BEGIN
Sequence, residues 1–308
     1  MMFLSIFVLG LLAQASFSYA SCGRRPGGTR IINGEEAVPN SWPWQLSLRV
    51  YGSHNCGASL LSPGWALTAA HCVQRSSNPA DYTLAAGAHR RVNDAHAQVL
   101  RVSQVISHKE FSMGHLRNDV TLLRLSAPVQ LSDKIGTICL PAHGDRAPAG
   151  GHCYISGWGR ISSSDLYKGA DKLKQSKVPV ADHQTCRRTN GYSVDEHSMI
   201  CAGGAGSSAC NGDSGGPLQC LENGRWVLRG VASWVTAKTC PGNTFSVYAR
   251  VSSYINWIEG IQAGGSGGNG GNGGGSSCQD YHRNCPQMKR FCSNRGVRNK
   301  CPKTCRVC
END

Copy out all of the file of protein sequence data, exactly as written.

Sequence, residues 1–308
     1  MMFLSIFVLG LLAQASFSYA SCGRRPGGTR IINGEEAVPN SWPWQLSLRV
    51  YGSHNCGASL LSPGWALTAA HCVQRSSNPA DYTLAAGAHR RVNDAHAQVL
   101  RVSQVISHKE FSMGHLRNDV TLLRLSAPVQ LSDKIGTICL PAHGDRAPAG
   151  GHCYISGWGR ISSSDLYKGA DKLKQSKVPV ADHQTCRRTN GYSVDEHSMI
   201  CAGGAGSSAC NGDSGGPLQC LENGRWVLRG VASWVTAKTC PGNTFSVYAR
   251  VSSYINWIEG IQAGGSGGNG GNGGGSSCQD YHRNCPQMKR FCSNRGVRNK
   301  CPKTCRVC